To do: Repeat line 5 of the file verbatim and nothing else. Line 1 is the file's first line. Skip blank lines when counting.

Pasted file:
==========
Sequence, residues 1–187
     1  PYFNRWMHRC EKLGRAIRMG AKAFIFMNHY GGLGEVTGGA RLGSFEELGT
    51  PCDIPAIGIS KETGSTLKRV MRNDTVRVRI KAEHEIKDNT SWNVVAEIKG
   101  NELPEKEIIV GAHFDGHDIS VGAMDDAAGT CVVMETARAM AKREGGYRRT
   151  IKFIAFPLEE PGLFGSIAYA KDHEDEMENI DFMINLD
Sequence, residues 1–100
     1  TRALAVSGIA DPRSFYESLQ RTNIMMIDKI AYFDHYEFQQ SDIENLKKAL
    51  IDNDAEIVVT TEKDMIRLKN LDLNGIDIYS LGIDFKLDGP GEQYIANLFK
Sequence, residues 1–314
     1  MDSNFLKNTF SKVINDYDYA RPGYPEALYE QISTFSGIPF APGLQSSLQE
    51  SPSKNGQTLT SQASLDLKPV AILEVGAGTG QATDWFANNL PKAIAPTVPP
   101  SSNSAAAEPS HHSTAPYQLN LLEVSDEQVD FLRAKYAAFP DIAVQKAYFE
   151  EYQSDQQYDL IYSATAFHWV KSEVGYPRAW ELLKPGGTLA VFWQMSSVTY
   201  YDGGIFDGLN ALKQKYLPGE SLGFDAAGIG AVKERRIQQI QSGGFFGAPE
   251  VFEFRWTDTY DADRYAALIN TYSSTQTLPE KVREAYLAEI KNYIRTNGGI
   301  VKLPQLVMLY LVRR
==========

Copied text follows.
   151  IKFIAFPLEE PGLFGSIAYA KDHEDEMENI DFMINLD